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Eight things that nobody tells you about anorexia

As there has been a lot of talk about anorexia, particularly in recent times, almost everyone now knows what it is. Or at least they think they know. In theory, anorexia is a very simple disorder that presents a simple solution – just eat! But it’s not that simple. The disorder is incredibly complex and there isn’t a single solution for it. Essentially, no one really knows what’s going on in the mind of someone suffering from anorexia. And, believe me, a lot is going on!

I lived with anorexia for nine years. And until my book, Notice Me, was finally published, I never told anyone what it felt like. Now I want to tell everyone. Particularly the things that are not stated anywhere else. So, with that in mind, the eight things that nobody tells you about anorexia:

You’re preparing various desserts, cooking for family, walk among shopping aisles looking at food... in other words: you’re thinking about food all the time. Your body is starved and longing for food, so it makes sense that you can’t think about anything else. Even during exercise, you’re thinking about what you’ll be able to eat afterwards. And when that moment comes, when you finally allow yourself to eat something, you become frightened of food. Panic wells up inside you, and you’re barely able to eat anything.

Your only goal in life is to be perfect. If someone takes that top spot, you unintentionally start hating them. You can’t stand to be around them, your disgust with yourself only grows, and your belief that you can achieve anything diminishes even more. From that moment you struggle and hurt even more, knowing that you can’t be the best despite your best efforts. Unfair!

If you lose your slim physique, you lose the only thing in life you still have. So you give up all fun, distance yourself from all friends, painfully abstain from all food, losing consciousness with excessive exercise, all to finally become perfect. To finally succeed at something. To finally find your place in this large world. So, for a person with anorexia, gaining weight is almost the same as dying. Or even worse!

You believe that you will suddenly become happy and successful as soon as you lose that one last pound. You’re truly convinced of this. You stupidly believe that one pound less will result in everything once again becoming right and beautiful. But this one pound is never really alone. With each pound lost, you find another that you need to lose, and you find yourself in a never-ending cycle that is so very hard to escape from.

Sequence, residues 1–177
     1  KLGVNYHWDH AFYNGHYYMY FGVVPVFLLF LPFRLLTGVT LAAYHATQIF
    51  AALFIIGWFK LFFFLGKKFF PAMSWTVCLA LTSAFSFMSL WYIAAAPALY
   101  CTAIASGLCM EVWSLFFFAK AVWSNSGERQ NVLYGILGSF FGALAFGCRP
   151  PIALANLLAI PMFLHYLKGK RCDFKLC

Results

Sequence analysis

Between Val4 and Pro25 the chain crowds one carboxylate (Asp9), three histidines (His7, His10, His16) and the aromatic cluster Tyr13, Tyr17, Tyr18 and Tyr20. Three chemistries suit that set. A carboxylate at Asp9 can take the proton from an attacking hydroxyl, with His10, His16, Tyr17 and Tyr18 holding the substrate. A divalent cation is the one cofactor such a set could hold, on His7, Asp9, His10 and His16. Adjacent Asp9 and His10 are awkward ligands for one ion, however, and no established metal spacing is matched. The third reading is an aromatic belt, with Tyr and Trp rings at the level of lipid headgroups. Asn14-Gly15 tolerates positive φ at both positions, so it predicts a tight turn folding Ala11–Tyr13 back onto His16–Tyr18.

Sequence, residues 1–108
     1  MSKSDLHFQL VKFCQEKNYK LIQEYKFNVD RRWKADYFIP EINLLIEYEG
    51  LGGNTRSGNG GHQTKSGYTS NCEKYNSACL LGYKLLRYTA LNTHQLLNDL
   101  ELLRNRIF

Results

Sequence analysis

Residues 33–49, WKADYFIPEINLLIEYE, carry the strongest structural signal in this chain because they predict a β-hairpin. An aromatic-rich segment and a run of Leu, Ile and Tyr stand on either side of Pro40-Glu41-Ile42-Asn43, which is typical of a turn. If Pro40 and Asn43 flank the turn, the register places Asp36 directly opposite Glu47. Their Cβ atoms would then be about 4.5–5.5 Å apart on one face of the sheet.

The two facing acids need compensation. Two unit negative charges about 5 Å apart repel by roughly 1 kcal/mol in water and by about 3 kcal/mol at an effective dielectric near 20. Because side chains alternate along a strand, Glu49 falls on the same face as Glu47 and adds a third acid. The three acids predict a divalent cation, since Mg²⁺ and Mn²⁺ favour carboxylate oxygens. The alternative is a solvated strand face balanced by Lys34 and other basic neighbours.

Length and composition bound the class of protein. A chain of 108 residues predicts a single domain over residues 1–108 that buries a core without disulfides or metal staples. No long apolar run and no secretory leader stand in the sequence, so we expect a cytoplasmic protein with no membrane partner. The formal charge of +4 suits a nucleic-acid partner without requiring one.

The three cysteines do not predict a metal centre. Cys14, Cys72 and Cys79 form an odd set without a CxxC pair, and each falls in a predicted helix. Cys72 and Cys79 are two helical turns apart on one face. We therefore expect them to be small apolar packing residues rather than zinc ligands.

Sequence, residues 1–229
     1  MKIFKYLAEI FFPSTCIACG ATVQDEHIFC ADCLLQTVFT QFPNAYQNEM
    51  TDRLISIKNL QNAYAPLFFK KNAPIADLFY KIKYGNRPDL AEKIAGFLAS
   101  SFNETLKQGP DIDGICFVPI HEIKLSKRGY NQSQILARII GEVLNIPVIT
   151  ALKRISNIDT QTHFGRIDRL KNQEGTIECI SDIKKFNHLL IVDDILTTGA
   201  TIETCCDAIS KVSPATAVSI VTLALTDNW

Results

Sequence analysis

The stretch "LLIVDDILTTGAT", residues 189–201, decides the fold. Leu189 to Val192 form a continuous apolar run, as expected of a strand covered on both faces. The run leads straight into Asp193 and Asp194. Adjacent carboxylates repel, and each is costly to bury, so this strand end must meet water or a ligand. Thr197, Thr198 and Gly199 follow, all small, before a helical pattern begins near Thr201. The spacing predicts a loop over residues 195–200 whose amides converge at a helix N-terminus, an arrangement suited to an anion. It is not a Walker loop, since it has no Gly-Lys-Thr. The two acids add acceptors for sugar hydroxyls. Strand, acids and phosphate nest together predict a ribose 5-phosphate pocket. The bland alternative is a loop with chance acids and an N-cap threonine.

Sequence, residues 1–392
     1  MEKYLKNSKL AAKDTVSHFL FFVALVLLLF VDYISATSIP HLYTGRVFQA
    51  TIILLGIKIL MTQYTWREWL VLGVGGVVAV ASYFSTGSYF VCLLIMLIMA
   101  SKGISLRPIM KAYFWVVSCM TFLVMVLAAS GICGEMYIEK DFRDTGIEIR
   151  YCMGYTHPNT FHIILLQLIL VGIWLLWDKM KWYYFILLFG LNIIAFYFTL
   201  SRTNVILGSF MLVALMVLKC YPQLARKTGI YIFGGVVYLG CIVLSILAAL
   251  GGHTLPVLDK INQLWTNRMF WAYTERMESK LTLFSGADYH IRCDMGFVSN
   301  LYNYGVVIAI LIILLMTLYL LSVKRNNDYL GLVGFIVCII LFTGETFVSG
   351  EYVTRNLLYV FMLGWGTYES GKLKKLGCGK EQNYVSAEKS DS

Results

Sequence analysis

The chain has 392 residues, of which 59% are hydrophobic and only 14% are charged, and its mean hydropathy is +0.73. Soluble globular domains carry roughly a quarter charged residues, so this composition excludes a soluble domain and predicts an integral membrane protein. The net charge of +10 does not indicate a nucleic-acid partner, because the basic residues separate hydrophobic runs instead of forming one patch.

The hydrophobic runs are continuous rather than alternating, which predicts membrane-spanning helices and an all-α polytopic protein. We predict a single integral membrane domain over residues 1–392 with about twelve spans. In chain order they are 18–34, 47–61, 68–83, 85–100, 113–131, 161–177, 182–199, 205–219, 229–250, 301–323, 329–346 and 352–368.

If you were aware of your problem yourself, or if others recognized your problem and tried to help you, anorexia would be much easier to cure. Unfortunately, you’re not aware that you’re missing something, while others don’t feel like dealing with you. Your body has to show, somehow, that it’s suffering, and it does that with anorexia. Until you solve the underlying problem, anorexia will not go away.

Even though you feel lonely, thinking that everyone has abandoned you, and desperately yearning for a hug, you don’t have the time for socializing. In your everyday life, you have only the time for exercise and starvation – people are just an unwanted distraction and are actually getting on your nerves. God forbid that someone would mention how thin you look and that you should eat something!

You hide behind clothes that are too large, seeing in the mirror that none of them fit you anymore. You’re ashamed of being seen as too thin, dreading any comments about your body. And at the same time, at that very moment, in front of the same mirror and wearing the same clothes, you think you’re too fat, ugly, and desperately in need of improving yourself. What a mess! Thoughts swirling in your mind, too many to count, and much too chaotic. You think you’re going to go mad from all of it, and, truth be told, I’m not really sure how you can survive it all!

Truth is, you never see a goal. Once you fall so deep, you realize there is no final goal. There is no longer a specific number of pounds that you want to reach. It’s all just a tunnel that has no light at the end. And there comes a day when you feel like you can’t stop anymore, and everything has slipped from your control. But that day it’s already too late. You grab a hold of anorexia so tightly that you can’t separate yourself from it.

And this is where things become complicated. You want out, but you don’t want to get out. Actually, you don’t know how to, and in a way you don’t really want to. You become torn. And that is why anorexia is not some simple disorder with a simple solution. Anorexia is very complex.

Luckily, I managed to stitch myself back into a single personality, and that personality found the strength with I want out and I’ll fight, and ultimately did so.

Contributed by Špela